Context: The informant is a USC student who is from Maui, and has lived in Maui their whole life. They heard this story growing up on Maui, and they remember it because it is the myth of how their home was created. To the informant, this piece is reminiscent of home and the place in which they grew up; this is how they interpret it. This piece was performed in a traditional, face-to-face, storytelling interview, where the informant told me the story and I recorded it.

Analysis:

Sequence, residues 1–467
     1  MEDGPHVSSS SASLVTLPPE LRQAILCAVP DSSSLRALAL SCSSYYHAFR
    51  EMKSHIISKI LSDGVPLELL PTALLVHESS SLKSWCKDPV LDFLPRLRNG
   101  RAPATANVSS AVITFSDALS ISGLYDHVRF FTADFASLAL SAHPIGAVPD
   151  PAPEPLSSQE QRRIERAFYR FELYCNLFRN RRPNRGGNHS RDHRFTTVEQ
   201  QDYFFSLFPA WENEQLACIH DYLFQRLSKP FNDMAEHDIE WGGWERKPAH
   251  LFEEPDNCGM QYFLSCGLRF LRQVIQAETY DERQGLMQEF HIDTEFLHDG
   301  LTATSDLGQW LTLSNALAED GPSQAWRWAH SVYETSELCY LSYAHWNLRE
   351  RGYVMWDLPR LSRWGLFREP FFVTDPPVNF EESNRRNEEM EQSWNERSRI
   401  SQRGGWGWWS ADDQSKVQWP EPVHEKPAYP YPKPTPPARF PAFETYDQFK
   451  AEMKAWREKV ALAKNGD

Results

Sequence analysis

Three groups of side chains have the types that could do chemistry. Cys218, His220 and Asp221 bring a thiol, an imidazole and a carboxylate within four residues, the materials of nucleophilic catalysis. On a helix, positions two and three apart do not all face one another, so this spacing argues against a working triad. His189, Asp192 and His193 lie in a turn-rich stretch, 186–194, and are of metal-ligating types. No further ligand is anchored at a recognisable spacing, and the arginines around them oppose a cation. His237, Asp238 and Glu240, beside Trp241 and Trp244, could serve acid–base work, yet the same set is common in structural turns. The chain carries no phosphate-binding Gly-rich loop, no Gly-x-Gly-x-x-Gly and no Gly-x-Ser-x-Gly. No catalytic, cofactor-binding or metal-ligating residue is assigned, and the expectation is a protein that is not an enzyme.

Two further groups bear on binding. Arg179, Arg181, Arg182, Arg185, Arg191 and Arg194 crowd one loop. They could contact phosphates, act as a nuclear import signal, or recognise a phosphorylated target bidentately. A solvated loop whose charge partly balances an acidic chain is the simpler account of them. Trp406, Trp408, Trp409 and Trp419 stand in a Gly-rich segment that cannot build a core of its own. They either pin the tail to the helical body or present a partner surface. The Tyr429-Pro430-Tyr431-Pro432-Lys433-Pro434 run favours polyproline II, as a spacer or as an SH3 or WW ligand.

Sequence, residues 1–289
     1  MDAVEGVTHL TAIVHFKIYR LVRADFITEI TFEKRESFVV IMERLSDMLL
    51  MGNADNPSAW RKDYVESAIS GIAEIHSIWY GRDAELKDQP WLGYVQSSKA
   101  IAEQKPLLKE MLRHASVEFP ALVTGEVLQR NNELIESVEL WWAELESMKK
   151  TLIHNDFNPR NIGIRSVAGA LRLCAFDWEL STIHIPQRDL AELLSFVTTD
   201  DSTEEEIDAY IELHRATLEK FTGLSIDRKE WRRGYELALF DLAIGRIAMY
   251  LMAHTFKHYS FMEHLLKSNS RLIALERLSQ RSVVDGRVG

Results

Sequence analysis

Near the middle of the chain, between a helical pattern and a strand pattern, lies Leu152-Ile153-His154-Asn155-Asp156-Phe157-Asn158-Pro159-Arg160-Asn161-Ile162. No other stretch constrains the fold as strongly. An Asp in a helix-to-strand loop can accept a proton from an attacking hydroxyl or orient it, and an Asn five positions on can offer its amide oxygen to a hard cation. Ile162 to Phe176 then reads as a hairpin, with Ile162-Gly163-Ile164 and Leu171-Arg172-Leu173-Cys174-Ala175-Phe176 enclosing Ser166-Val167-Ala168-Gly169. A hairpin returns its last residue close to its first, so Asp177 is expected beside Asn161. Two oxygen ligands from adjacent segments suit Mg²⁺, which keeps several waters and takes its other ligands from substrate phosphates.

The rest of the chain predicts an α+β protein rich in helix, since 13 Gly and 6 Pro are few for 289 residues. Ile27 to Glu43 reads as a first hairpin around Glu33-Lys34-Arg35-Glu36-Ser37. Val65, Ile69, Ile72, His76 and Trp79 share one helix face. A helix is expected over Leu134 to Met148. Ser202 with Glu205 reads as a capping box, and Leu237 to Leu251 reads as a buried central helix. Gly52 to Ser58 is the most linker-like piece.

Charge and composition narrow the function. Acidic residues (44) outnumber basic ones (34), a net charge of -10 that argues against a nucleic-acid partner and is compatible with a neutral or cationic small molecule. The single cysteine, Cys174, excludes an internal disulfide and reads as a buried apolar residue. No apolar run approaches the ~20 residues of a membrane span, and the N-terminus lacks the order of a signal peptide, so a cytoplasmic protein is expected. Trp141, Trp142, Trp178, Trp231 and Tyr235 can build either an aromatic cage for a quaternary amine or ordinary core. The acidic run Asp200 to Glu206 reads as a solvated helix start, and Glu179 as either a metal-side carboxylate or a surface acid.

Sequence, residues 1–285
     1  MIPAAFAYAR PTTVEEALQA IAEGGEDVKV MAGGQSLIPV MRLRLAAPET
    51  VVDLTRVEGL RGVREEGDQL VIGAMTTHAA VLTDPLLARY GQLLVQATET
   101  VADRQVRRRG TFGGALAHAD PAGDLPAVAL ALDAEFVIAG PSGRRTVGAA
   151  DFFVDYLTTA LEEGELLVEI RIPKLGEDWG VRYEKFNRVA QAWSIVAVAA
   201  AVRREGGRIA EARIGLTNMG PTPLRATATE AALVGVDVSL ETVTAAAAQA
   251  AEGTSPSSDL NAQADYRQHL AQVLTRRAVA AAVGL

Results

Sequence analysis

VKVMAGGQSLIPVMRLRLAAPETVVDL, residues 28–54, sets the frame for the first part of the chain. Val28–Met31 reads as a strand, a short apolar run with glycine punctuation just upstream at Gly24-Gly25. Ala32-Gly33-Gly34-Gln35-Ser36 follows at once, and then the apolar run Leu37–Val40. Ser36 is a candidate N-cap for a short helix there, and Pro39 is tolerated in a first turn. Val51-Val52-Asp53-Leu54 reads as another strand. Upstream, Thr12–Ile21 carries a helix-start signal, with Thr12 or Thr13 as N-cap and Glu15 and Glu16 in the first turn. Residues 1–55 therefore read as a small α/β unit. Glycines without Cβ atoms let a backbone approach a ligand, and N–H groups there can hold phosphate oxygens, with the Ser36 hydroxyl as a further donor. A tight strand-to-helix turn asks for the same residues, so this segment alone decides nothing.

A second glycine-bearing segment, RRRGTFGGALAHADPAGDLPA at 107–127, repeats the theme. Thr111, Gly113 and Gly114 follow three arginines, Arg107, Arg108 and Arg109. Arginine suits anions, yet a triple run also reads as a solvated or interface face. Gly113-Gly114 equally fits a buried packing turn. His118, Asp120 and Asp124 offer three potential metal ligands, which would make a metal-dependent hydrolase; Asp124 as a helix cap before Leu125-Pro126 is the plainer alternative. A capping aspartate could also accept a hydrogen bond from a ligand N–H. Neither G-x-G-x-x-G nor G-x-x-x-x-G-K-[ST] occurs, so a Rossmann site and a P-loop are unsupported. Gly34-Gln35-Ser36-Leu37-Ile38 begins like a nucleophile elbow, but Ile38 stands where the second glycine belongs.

This narrative piece of folklore is a myth, and it is very indicative of the genre of myths as it is a creation story for a specific location, in this case Maui, taking place outside of this world (in the sky), as it involves the Sun. This myth is intended to tell the story of the creation of the seasons of the island of Maui, and it tells the story from beginning to end, involving the primary character of Maui, whose interaction with the Sun leads to the creation of the world as they know it in Maui. This conveys not just how this story is a traditional myth in that it displays the characteristics of traditional myths: that it is sacred truth, has no relation to our world, and is a creation story that sets up the weather seasons of everyday life, but to me, it also conveys how myths relate to the physical characteristics of the location they are placed in. The climate of Maui is tropical and therefore very sunny, so it only makes sense that the Sun is a central part of this myth about Maui. The physical characteristics of the location observed by the people of Maui translate into their myths, and this is very indicative of a characteristic of myths that I have noticed throughout this class: myths often reflect the world surrounding them in ways that may not have been previously thought of, such as climate, geography, physical surroundings, etc. I know that I did not realize how much this aspect contributed to myths until interviewing the informant and analyzing the story of Maui, and it conveys the way in which geographical locations affect myths. This myth gives a way for the Hawaiian people to pass on the story of the creation of seasons through generations, in a way that sounds familiar to them because of the characteristics that come from the geographical location they are in. This conveys how this myth can create a sense of identity among the Hawaiian people, through the commonalities they will recognize in this myth. Overall, the myth of Maui conveys both a traditional and nontraditional way of analyzing the myth.